A team of researchers led by Daniel Gallego-Perez have created a novel therapy which has proved 98% success in reversing organ damage with just a single touch at Ohio State University. How? The researchers created a new technique called Tissue Nanotransfection - TNT for short. TNT uses a specific nanochip technology which can repair/replace injured organs, blood vessels and nerve cells.
This is a form of regenerative medicine; the branch of medicine whereby methods are created to regrow, repair or replace damaged or diseased cells, organs or tissues. In this technique, TNT has been successful in converting skin cells into vascular cells (those which carry blood around the body).
Published in the journal: Nature Nanotechnology, the research promises to replace damaged cells without any other invasive technique or any immunosuppression as the nanochip technology keeps the cells in the body under immune surveillance.
To work its magic, the nanochip is first loaded with a specific genetic code and/or certain proteins. It is then placed onto the skin and a small electric current (which is barely felt by the patient) is applied to the chip, creating channels in the skin tissue where it is grounded and begins to reprogram the cells. After the procedure is completed, the chip is removed and the patient returns to life as normal. This technique is simple and non-invasive so much so that it can be completed in any point-of-care.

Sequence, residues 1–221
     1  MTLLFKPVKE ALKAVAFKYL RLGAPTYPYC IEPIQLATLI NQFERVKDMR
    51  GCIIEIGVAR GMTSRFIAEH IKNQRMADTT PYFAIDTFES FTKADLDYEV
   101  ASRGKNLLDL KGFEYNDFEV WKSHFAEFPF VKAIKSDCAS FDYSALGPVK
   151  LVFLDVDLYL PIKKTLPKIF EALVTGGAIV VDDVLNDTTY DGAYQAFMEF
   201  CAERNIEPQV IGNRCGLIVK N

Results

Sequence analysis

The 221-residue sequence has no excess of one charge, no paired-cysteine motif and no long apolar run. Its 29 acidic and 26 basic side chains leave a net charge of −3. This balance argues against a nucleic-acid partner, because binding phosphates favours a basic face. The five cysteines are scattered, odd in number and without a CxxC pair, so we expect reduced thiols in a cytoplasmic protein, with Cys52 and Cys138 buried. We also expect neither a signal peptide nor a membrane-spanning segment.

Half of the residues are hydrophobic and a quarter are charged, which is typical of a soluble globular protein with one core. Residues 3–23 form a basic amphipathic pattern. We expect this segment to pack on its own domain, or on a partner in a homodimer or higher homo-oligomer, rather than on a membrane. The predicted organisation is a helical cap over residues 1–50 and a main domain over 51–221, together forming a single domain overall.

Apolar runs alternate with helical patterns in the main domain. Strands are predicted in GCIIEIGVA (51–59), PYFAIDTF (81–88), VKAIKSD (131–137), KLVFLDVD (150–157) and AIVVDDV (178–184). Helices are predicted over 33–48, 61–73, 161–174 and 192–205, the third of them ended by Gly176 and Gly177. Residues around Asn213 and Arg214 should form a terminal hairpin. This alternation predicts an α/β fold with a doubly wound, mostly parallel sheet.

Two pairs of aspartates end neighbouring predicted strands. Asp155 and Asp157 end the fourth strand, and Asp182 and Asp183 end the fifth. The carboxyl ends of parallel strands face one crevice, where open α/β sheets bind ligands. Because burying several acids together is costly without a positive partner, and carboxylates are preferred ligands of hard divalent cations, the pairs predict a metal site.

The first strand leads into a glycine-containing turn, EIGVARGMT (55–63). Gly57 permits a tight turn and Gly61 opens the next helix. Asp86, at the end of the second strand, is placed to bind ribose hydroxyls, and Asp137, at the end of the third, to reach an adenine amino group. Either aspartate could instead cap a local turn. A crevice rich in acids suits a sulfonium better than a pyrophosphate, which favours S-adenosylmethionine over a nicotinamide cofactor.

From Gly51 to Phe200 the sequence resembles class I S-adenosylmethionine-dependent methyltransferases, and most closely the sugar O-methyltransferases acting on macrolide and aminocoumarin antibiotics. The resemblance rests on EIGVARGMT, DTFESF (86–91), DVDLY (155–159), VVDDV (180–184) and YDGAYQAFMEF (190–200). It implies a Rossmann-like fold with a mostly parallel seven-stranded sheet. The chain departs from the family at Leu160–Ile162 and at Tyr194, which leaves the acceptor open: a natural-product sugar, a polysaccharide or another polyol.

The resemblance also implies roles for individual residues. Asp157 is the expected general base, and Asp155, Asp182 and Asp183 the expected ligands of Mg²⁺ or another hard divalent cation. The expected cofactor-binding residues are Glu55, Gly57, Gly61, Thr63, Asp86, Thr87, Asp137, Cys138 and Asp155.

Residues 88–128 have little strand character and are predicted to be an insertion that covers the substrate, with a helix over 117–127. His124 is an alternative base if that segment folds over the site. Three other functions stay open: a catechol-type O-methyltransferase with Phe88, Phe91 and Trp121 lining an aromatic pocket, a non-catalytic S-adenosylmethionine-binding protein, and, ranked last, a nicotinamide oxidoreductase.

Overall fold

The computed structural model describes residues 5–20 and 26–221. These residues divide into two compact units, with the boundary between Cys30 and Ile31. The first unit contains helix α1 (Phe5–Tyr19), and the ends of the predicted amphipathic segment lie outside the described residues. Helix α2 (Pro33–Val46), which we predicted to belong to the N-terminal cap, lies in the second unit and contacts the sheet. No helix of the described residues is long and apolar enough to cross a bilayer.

"By using our novel nanochip technology, injured or compromised organs can be replaced. We have shown that skin is a fertile land where we can grow the elements of any organ that is declining," said Dr. Chandan Sen, director of Ohio State's Centre for Regenerative Medicine & Cell Based Therapies, who co-led the study with L. James Lee, professor of chemical and biomolecular engineering with Ohio State's College of Engineering in collaboration with Ohio State's Nanoscale Science and Engineering Centre.
Within this study, mice and pigs were used to determine the success of the novel nanochip, and it's not only proven to be a success it even proven to provide the ability to grow brain cells. “What’s even more exciting is that it not only works on the skin but on any type of tissue,” Sen said. Amazingly, the researchers were able to grow brain cells on the skin surface of a mouse, harvest them, and then inject them into the mouse’s injured brain. Only a few weeks after having a stroke, brain function in the mouse was restored, and it was healed.
“The concept is very simple,” Lee said. “As a matter of fact, we were even surprised how it worked so well. In my lab, we have ongoing research trying to understand the mechanism and do even better. So, this is the beginning, more to come.” In 2018, the researchers expect to this research to be approved for clinical trials in humans.
If TNT is as promising as it seems, this will be a big game changer in the field of regenerative medicine.
- Daniel Gallego-Perez, Durba Pal, Subhadip Ghatak, Veysi Malkoc, Natalia Higuita-Castro, Surya Gnyawali, Lingqian Chang, Wei-Ching Liao, Junfeng Shi, Mithun Sinha, Kanhaiya Singh, Erin Steen, Alec Sunyecz, Richard Stewart, Jordan Moore, Thomas Ziebro, Robert G. Northcutt, Michael Homsy, Paul Bertani, Wu Lu, Sashwati Roy, Savita Khanna, Cameron Rink, Vishnu Baba Sundaresan, Jose J. Otero, L. James Lee, Chandan K. Sen. Topical tissue nano-transfection mediates non-viral stroma reprogramming and rescue. Nature Nanotechnology, 2017; DOI: 10.1038/nnano.2017.134
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